Article

This article provides an introduction to the processes utilized by forensic experts performing Questioned Document Examinations.

​Questioned Document Examination

Questioned document examination (QDE) is a forensic science discipline pertaining to documents that are potentially disputed in a court of law. The examination’s primary purpose is to provide evidence about suspicious or questioned documents using a variety of scientific principles and methods. Document examination might include alterations, obliterations, paper analysis, forgery, origin, determining authenticity, or any other questions.

Indented Writing Analysis

Indented writing, or second page writing, is an imprint that may be left on the underlying pages when the top sheet of paper is written upon. This impression of the writing is influenced by pen pressure and thickness of the paper. Indented writing on subsequent pages may not be the same as what appears on the surface of the document. Experts are trained to uncover indented writings that may have been added after the fact, altered or missing from an original document. Indented writing is very useful as a form of connecting evidence.

The Process

Historically, indented writing was identified and deciphered by means of low angle oblique light and photography. More recently, an instrument known as an Electrostatic Detection Apparatus, or ESDA, is used to produce a visual image of the indented writing on transparency film. If applicable, this procedure is non-destructive, and rather non-detectable.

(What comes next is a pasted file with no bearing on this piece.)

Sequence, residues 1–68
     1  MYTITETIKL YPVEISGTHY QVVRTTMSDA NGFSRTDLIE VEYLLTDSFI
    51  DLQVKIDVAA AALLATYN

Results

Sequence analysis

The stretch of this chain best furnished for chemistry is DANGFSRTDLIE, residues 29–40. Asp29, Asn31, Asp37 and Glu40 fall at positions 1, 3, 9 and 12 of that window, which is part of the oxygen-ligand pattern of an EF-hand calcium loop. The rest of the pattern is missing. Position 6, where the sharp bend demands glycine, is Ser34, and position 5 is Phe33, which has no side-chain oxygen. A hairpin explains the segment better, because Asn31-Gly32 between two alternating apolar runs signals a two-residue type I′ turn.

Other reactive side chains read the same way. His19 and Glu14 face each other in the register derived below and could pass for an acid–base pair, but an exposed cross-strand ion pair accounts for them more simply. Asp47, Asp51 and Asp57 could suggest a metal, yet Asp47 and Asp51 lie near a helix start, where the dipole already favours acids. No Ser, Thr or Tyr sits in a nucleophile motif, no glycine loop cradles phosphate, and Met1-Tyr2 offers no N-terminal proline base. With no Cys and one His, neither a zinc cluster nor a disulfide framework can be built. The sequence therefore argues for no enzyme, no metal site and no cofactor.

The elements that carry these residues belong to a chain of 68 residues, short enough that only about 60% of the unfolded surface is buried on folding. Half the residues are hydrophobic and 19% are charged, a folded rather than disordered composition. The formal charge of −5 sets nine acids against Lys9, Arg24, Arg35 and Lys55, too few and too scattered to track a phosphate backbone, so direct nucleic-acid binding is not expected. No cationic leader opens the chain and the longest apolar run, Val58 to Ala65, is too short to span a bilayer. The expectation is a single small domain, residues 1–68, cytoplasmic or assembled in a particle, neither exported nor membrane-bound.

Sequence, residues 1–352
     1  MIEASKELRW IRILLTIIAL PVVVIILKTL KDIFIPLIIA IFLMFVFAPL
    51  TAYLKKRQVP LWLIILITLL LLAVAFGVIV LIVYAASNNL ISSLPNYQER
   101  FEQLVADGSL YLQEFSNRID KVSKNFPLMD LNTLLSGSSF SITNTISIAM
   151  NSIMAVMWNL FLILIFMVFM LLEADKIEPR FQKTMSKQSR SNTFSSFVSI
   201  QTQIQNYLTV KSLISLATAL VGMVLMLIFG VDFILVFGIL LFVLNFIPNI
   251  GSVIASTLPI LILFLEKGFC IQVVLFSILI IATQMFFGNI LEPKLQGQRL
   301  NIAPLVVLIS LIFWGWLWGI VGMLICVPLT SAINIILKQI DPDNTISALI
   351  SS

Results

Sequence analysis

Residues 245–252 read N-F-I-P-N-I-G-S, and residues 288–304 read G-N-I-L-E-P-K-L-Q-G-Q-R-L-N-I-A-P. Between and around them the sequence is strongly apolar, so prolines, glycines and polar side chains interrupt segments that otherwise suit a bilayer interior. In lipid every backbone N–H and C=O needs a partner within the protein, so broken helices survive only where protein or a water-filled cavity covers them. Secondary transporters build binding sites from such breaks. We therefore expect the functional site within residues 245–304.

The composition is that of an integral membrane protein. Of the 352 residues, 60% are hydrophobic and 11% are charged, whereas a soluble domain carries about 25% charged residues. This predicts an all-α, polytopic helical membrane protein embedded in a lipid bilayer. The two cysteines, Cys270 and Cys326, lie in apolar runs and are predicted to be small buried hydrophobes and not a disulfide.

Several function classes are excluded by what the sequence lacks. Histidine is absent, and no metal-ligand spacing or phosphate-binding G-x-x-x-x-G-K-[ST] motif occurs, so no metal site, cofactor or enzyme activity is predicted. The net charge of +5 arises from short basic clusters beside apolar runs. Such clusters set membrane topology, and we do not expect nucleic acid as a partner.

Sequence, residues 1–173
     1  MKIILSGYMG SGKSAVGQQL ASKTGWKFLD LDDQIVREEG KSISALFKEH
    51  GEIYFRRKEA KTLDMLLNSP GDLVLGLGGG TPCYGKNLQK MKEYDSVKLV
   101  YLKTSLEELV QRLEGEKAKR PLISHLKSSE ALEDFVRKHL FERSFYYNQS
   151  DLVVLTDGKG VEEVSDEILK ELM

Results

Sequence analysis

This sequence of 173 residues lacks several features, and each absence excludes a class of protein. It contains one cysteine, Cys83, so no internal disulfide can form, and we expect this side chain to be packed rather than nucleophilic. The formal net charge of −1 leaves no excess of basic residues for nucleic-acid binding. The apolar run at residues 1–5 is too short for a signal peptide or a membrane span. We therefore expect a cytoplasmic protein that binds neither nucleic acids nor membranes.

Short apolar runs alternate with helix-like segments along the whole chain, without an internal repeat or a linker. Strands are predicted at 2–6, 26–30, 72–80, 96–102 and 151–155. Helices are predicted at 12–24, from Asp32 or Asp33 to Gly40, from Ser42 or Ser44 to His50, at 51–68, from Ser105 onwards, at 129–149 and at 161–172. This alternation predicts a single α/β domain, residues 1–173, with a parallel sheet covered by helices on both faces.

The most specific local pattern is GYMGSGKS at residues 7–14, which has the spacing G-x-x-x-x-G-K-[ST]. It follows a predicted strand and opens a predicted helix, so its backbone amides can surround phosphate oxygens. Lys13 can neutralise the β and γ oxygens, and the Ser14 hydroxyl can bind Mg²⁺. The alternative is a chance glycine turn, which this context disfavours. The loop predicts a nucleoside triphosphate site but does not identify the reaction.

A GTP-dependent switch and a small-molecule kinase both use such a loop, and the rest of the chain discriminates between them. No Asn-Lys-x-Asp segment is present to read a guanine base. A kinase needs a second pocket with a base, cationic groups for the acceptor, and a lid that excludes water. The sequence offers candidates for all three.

Low Angle Light & Photography

We first apply oblique or low angled lighting to the furrows of indented writing. Photography is then used to preserve the shadowed indentation. A combination of multiple exposures while moving the light source fills in the available indentations with shadows and effectively uncovering the indented writing.

Electrostatic Detection Apparatus

ESDA works by creating an electrostatic image of indented writing, which is then visualized by the application of charge sensitive toners. This sensitive imaging process reacts to sites of microscopic damages to fibers at the surface of a document, which have been created by abrasive interactions with overlying surfaces during the act of handwriting.

Video Spectral Analysis for Questioned Documents

Another valued method used by forensic experts is called Video Spectral Analysis (or Comparator). Comprehensive digital imaging systems can provide the questioned document examiner with an extensive range of facilities for detecting irregularities on altered and counterfeit documents. Detection of alternations includes, but are not limited to:

  • Surface features
  • Watermarks
  • Alterations
  • Use of different inks
  • Embedded invisible information
  • Latent images
  • Ink stamps
  • Tampering and photo-substitution

Standards

The American Society for Testing and Materials, International (ASTM) publishes standards for the many methods and procedures used by Forensic Document Examiners. E30.02 is the ASTM subcommittee for questioned documents. ASTM E444-09 provides guidance on the scope of work conducted by document examiners, and E2388 specifies minimum training requirements.

 

Featured Expert

Mark Songer, FDE

Mark is a former FBI Special Agent and FBI Forensic Examiner, where he served as part of the FBI’s ERT/RDT teams. Mr. Songer has instructed numerous law enforcement officers and civilian examiners in handwriting identification as well as the collection of writing samples. He also developed and implemented Forensic Science & Criminal Justice programs at several institutions of higher learning, including the University of California and La Sierra University.